You’re not doing CX right without an analytics strategy

Customer experience and trust are closely intertwined. In a time of instant gratification, customers expect more.

They expect callback options. They expect to open a chat window on your website and get a near-instant reply. They expect that you already know who they are when they call, that you’re aware of their most recent order, and you understand what they need next. And they certainly don’t want to repeat their information.

Failing to check off these boxes puts customer trust on the line.

The events of the past two years to date have shown how trust has become an important business imperative. In fact, Forrester Consulting’s 2022 predictions report revealed that Asia-Pacific’s financial services industry will be the first industry to demonstrate their commitment to customer relationships with trust as a formal metric.

Trust is built when a company listens to its customers and takes action to augment customer experiences. This rings true as 90% of Singapore consumers in Salesforce’s 2022 State of the Connected Customer survey say that the experience is just as important as a brand’s product.

And central to positive customer experiences is personalisation; this comes down to understanding customer data.

Businesses without analytics are walking away from significant customer experience gains  

Customer trust is hard won and more important than ever.

For financial services companies, providing individualised customer service begins from the most fundamental touchpoint for many companies — the contact centre.

Critical to the contact centre’s quality of service is the ability to understand changing customer needs. Service agents must have a single view of customer data across channels and departments. They also need to access financial transaction data (e.g. credit card, investments, loans) from systems outside the organisation. Driving insights from this treasure trove of data is key to crafting an unrivalled and personalised customer experience.

Here’s a scenario. Chris, a business decision-maker in a bank, can explore a contact centre agent performance dashboard to have a complete view of how long cases have been opened for against the average CSAT (consumer satisfaction) per agent. He notices that a few agents have a particularly high caseload and are struggling to resolve the problem.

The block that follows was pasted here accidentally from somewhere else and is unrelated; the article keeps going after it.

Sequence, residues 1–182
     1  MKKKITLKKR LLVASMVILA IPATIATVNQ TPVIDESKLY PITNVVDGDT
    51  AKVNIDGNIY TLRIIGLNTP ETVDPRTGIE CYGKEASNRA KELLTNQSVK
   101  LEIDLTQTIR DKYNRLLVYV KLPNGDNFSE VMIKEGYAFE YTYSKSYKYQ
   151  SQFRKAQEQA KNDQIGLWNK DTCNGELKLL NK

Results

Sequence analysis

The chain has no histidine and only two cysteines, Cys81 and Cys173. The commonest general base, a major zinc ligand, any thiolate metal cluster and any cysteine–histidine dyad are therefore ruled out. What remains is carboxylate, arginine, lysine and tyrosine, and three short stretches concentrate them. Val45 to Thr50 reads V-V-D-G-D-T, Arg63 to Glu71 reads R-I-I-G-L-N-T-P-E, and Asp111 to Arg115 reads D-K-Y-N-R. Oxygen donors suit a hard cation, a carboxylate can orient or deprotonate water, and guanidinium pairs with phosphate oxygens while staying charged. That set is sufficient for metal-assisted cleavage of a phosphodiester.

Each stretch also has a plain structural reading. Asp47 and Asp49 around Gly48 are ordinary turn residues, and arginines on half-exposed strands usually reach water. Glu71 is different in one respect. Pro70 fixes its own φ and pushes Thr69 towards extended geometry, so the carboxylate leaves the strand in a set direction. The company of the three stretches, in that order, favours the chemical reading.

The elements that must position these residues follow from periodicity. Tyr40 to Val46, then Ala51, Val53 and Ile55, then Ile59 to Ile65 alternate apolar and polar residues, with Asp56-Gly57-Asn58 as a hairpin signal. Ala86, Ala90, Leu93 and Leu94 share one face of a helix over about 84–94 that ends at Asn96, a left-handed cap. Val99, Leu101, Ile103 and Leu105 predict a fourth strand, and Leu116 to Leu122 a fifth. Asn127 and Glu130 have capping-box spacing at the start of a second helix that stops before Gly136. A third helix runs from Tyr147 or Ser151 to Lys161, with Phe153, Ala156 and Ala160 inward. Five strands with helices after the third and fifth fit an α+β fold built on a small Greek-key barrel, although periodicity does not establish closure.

With a 360-degree view of all customer interactions and AI-powered predictions, Chris anticipates a drop in CSAT as a handful of customers received a corporate offering in error. To keep CSAT for future cases as high as possible, Chris decides he wants to coach the team on making better use of their case escalation processes, and drafts an updated talk track about a special offer for his team to leverage when speaking to these impacted customers. Taking proactive action like this helps increase customer satisfaction across the board. In just minutes, Chris can set a plan in motion and understand how the organisation is trending to plan based on customer retention scores and target areas of concern quickly.

The good news: Not only is analytics a powerful resource for informing day-to-day decisions, it can also catch problems that have gone unnoticed. This is how line-of-business employees can go from data, to insight, to action with agility.

Case in point: Sompo Asia, a leading property and casualty insurance provider, has its marketing, claims, pricing, and product teams — along with the CEO — all looking at the same dashboards to drive operational efficiencies. Today, the insurer has reduced its claims turnaround time for motor vehicle repairs by about 20% and deepened its relationship with customers.

Analytics can transform your business from a cost centre into a revenue driver

Clearly, the right tools can go a long way in mobilising sales and service teams to connect more closely with customers and better predict outcomes to help the bottomline, especially as we navigate a trust economy in a climate where businesses are grappling to do more with less.

With predictive analytics, companies can curate more relevant cross-selling offers for every customer, and guided workflows can enable agents to resolve concerns more quickly, freeing up their time to convert other leads to opportunities.

Remember, customers are indifferent to who in a company owns the individual experience of billing, onboarding, or servicing calls. Through their eyes, these are all part of the same journey.